Organic Clothing: Worth it or Not? - Modern Alternative Mama
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Organic Clothing: Worth it or Not?

admin January 4, 2011

Image by Simply Organic

Organic clothing.

Everything these days is organic.  And yes, clothing too.  Most of us have probably heard of organic baby clothes and diapers, but other types of organic clothes we don’t typically see.  What makes them organic?  Why would we want to buy them?  And are they really worth it?

First of all, organic clothing is usually made from one of two materials: organic cotton, or organic hemp.  The cotton is grown in the U.S. (sometimes), and it’s important that it’s organic because cotton is ordinarily one of the most heavily sprayed crops.  Hemp clothing (or at least hemp fabric) is imported, because it’s not really legal to grow here.

Side note: Industrial hemp, the plant used to make fabric, paper, and other textiles is not the same plant as the type of hemp that is smoked as marijuana.  It is a long, ropey plant, not a short, leafy one.  It can’t be smoked.  It can also be grown very easily with no pesticides.  But since it’s such a highly renewable, green resource, it would threaten both the cotton and timber industries, and so is illegal to grow.  In the 1940s and 50s there was a huge smear campaign against hemp (the smokable kind, which also is not as dangerous or addictive as the authorities would have us believe), and industrial hemp got lumped in.  It was an entirely political move, and does nothing but harm the environment and us.  Hemp paper and fabric would be extremely cheap and eco-friendly if it could be produced here.  Just so you know.

By choosing organic clothing, you’re avoiding farming practices that contribute to polluting the environment.  There’s also the fact that the chemicals are still in the cotton when you buy it, and can be absorbed into your skin.  Plus, certain products — like kids’ pajamas — have flame-retardant chemicals intentionally added (which are proven carcinogens), while organic clothes don’t.  Clearly, organic clothing is safer.

However, you’ll also pay a serious premium price tag.  A single cloth diaper is $25 or more (compared to $15 – $18 for non-organic versions), and a onesie might be $15 (non-organic are about $1/each in a 5-pack).  Especially if you’re buying a whole wardrobe (or several, as babies grow fast), it just isn’t feasible for most to buy organic clothes at these prices.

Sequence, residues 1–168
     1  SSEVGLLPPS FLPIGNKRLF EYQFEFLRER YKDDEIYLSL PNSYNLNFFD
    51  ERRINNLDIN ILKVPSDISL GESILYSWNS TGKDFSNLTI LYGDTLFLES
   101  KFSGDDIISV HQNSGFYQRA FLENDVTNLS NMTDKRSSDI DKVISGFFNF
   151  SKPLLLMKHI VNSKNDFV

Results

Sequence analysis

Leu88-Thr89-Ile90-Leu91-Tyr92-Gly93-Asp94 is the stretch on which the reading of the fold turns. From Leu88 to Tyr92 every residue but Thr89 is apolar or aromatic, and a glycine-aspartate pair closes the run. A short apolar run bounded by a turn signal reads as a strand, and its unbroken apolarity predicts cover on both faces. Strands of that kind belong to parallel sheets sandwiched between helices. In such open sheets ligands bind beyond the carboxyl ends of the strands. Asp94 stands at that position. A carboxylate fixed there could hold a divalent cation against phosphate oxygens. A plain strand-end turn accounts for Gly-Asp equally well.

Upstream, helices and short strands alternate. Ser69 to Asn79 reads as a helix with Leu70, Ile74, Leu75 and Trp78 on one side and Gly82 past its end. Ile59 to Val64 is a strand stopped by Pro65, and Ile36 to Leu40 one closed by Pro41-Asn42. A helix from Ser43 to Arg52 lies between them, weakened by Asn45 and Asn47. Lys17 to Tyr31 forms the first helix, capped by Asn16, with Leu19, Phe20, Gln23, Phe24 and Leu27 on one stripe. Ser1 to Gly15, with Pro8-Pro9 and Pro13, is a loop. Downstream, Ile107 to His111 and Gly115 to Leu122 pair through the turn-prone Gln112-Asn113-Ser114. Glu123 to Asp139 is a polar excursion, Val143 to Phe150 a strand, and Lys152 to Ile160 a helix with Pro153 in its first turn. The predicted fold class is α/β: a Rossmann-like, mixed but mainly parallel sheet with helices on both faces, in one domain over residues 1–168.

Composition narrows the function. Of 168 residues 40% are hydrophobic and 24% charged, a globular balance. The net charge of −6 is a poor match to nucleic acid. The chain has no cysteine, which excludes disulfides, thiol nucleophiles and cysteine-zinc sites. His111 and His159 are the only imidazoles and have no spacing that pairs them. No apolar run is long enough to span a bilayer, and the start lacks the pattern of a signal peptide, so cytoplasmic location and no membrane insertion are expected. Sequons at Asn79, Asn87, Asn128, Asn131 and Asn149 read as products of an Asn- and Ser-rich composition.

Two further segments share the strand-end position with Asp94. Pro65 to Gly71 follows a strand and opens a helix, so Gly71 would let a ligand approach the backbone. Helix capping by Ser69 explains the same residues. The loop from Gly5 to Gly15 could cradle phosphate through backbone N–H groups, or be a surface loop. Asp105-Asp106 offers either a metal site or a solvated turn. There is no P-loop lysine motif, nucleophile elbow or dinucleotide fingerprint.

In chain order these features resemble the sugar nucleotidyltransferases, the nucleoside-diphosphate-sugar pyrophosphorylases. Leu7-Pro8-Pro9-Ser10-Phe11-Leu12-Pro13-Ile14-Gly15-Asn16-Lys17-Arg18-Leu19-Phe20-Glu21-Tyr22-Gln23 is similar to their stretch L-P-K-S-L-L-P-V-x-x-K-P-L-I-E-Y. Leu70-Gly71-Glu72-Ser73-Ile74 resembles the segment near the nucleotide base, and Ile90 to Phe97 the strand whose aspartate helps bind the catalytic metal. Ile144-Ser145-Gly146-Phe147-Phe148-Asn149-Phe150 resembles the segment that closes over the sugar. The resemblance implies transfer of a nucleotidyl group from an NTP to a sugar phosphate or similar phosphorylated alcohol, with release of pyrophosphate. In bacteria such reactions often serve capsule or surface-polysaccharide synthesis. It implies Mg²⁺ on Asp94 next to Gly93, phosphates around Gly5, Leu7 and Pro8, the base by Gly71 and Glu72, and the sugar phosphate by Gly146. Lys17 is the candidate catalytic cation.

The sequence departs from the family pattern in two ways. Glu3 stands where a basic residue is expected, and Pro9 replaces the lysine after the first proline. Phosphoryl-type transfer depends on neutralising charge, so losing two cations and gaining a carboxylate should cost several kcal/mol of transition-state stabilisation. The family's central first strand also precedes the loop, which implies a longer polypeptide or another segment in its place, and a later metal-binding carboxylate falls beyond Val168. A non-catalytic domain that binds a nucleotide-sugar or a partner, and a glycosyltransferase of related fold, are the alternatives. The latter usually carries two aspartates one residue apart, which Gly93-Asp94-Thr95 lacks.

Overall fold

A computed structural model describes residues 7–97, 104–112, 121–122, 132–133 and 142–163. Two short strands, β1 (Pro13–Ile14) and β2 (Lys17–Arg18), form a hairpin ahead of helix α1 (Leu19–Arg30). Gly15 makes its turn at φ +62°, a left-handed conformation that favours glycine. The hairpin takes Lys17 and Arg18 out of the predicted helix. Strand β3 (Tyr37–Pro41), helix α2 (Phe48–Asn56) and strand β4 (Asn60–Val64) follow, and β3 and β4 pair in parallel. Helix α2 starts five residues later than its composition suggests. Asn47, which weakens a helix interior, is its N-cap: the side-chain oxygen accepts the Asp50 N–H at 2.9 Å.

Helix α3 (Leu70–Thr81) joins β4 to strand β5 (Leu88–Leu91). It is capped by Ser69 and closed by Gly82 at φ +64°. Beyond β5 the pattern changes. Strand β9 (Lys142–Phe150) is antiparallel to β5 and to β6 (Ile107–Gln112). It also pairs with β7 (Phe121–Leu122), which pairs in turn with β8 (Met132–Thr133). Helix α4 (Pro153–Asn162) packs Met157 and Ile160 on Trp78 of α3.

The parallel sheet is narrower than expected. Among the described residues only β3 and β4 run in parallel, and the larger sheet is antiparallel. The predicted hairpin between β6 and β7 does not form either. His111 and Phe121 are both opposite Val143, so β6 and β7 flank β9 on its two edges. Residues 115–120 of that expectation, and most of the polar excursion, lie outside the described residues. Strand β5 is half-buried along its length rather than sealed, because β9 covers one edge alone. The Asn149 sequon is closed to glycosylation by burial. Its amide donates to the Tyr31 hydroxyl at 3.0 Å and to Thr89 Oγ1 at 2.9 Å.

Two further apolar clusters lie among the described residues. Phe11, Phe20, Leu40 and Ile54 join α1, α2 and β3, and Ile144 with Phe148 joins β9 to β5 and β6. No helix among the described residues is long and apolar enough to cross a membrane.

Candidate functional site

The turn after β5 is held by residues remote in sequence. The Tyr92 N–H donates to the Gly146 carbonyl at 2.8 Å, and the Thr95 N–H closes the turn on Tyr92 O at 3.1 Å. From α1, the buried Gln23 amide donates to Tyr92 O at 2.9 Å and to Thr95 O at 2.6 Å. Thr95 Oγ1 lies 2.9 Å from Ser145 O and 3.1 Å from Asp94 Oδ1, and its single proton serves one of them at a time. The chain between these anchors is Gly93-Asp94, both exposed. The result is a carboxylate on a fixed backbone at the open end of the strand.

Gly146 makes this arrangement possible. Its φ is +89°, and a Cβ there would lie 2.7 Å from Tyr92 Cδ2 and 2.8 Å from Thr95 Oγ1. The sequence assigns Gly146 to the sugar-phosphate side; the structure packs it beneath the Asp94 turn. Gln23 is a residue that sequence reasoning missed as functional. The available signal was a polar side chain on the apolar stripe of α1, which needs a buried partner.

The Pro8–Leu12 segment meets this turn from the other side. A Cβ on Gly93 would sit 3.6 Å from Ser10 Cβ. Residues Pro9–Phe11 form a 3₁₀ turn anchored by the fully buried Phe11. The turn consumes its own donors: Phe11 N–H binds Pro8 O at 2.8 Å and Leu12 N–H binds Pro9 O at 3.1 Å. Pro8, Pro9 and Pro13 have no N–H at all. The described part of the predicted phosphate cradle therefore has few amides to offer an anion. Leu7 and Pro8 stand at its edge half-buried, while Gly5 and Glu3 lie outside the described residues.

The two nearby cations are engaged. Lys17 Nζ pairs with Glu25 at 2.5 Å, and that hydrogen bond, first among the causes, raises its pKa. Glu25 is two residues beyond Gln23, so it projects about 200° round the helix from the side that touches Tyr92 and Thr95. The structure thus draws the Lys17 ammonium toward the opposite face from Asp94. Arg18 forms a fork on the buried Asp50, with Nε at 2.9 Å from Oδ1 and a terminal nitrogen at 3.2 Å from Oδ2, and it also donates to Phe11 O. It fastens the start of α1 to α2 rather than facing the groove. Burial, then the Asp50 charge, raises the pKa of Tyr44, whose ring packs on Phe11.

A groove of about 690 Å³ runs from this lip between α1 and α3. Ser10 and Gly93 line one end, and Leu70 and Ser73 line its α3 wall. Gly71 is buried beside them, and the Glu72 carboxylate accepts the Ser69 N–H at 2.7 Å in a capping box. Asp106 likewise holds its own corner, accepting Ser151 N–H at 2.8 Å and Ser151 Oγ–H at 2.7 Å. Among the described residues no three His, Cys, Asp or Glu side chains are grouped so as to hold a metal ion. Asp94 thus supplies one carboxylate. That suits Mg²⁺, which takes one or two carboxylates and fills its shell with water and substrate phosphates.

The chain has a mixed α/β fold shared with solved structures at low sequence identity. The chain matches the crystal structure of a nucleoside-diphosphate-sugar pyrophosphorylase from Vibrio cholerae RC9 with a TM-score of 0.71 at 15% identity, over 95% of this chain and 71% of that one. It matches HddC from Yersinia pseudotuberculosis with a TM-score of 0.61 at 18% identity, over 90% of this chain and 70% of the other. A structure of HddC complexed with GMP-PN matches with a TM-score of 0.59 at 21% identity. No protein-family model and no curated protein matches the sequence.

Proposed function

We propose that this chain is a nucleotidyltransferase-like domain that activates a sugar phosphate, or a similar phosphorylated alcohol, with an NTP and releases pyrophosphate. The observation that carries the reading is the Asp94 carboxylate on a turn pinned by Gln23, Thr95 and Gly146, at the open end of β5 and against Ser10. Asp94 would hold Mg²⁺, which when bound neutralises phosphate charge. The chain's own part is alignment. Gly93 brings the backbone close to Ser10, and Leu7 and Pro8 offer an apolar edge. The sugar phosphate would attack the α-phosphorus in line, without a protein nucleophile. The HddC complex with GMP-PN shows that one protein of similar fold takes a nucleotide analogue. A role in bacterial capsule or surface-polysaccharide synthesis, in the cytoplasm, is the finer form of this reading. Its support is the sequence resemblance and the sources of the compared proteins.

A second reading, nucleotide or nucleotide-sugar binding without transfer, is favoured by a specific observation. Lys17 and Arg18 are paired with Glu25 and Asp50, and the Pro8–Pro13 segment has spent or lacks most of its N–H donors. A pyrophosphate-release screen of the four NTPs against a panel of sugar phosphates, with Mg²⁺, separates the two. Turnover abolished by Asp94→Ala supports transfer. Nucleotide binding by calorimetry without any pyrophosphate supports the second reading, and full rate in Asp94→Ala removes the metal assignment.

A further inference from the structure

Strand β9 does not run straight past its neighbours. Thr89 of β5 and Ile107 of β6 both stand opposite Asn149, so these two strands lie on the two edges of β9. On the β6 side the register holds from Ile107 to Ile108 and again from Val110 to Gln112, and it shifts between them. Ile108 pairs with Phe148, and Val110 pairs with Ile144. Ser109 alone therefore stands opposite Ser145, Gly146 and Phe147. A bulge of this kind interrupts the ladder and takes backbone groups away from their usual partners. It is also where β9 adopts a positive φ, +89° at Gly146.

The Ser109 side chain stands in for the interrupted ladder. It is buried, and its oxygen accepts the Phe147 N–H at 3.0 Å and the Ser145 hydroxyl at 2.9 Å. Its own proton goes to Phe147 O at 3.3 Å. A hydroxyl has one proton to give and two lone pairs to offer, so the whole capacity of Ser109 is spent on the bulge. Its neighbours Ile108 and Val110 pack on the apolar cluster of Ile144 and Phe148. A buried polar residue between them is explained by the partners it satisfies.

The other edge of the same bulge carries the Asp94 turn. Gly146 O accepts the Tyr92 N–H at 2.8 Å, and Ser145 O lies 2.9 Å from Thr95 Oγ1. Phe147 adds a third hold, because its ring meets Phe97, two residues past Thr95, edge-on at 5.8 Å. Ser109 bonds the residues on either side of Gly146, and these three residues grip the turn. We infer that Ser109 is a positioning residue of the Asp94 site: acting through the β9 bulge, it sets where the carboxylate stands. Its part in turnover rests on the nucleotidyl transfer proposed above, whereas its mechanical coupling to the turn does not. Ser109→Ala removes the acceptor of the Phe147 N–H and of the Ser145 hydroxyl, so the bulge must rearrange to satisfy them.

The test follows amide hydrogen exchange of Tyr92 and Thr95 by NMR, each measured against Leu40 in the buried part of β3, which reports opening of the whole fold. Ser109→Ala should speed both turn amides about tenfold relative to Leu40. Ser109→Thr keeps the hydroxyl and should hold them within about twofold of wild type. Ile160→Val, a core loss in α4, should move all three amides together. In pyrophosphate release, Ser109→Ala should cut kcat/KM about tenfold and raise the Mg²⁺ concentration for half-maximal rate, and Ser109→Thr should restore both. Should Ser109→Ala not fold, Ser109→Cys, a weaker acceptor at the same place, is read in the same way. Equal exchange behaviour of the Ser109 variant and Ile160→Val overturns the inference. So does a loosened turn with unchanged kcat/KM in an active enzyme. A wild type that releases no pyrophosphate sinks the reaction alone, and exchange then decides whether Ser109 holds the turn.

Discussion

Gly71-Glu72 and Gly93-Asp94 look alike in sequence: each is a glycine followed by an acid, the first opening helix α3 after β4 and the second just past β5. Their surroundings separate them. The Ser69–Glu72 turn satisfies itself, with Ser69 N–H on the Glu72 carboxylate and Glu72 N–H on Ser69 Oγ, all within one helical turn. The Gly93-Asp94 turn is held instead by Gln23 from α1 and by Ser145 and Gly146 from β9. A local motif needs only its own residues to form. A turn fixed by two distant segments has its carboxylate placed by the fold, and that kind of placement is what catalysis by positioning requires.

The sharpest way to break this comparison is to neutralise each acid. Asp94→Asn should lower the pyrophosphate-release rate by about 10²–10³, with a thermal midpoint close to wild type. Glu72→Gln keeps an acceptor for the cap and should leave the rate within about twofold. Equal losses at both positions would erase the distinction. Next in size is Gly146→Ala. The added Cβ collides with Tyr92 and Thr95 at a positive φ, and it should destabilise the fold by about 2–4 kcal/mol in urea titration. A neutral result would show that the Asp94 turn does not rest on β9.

There’s also the issue, though, that pesticides (and flame retardant) can wash out of clothing.  This source says fabric is so processed that there’s no pesticide residue left in the first place.   However, the clothing is processed with even more chemicals and petroleum-based dyes.  Not to mention the effects on the workers who grow and process the cotton and make the actual clothes.  A lot of the chemicals likely do wash out in time; 1 – 2 washings is probably sufficient for most chemicals.

What about flame retardant chemicals, though?  The general thought seems to be that flame retardant properties come from the fact that the pajamas are polyester, which is a naturally flame retardant fabric (it’s really just plastic).  Some think that the extra chemicals can’t really be washed out.  It seems safer to avoid pajamas that contain these chemicals, and instead buy soft clothing that is not intended for sleepwear.

For clothing the rest of the time, organic clothing is probably the best solution, but not a very feasible one for most people.  If you can find reasonably priced organic clothing, especially if you can find some used; or if people will buy it for you as gifts, by all means, buy organic!  Ideally we’d like to make hemp legal so we could all afford organic clothing, though….

What if you just can’t swing it?  That would be most of us.  In that case, I’d recommend simply buying second-hand clothing.  It will have been washed many times, largely removing any remaining pesticide residue, and any chemicals used in processing.  It also saves the environment by reusing clothing instead of having to have new.  It’s also highly affordable.  Used clothing is probably the best situation for most people.

Do you buy organic clothing?  Why or why not?

 

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10 Comments

  1. Good info! I did not know about the flame retardent in children's pj's (first time parents with a 4 month old). We did buy our son a few organic onesies however with the price tags you were spot on – it's just not in the cards for his entire wardrobe to be organic.

    Thanks for the tip on wearing non-sleep intended clothing as pj's.

    Reply